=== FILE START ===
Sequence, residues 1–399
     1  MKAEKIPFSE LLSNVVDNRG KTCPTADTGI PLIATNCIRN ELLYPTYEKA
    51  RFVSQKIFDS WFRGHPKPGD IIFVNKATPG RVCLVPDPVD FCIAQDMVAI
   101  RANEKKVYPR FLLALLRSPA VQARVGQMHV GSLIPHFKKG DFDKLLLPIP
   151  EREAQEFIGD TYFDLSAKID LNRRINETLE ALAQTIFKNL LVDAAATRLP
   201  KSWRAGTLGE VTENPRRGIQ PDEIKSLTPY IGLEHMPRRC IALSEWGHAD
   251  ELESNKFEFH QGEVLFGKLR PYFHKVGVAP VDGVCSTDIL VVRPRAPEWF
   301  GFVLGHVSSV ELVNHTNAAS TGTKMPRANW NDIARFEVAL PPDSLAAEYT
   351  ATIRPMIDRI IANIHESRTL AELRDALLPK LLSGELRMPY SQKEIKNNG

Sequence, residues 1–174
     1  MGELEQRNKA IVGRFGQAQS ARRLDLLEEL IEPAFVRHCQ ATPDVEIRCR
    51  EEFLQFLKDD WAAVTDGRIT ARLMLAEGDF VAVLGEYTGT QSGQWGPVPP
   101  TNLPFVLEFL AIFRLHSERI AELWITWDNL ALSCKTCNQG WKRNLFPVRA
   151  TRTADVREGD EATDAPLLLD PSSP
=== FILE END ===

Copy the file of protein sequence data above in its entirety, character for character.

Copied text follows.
Sequence, residues 1–399
     1  MKAEKIPFSE LLSNVVDNRG KTCPTADTGI PLIATNCIRN ELLYPTYEKA
    51  RFVSQKIFDS WFRGHPKPGD IIFVNKATPG RVCLVPDPVD FCIAQDMVAI
   101  RANEKKVYPR FLLALLRSPA VQARVGQMHV GSLIPHFKKG DFDKLLLPIP
   151  EREAQEFIGD TYFDLSAKID LNRRINETLE ALAQTIFKNL LVDAAATRLP
   201  KSWRAGTLGE VTENPRRGIQ PDEIKSLTPY IGLEHMPRRC IALSEWGHAD
   251  ELESNKFEFH QGEVLFGKLR PYFHKVGVAP VDGVCSTDIL VVRPRAPEWF
   301  GFVLGHVSSV ELVNHTNAAS TGTKMPRANW NDIARFEVAL PPDSLAAEYT
   351  ATIRPMIDRI IANIHESRTL AELRDALLPK LLSGELRMPY SQKEIKNNG

Sequence, residues 1–174
     1  MGELEQRNKA IVGRFGQAQS ARRLDLLEEL IEPAFVRHCQ ATPDVEIRCR
    51  EEFLQFLKDD WAAVTDGRIT ARLMLAEGDF VAVLGEYTGT QSGQWGPVPP
   101  TNLPFVLEFL AIFRLHSERI AELWITWDNL ALSCKTCNQG WKRNLFPVRA
   151  TRTADVREGD EATDAPLLLD PSSP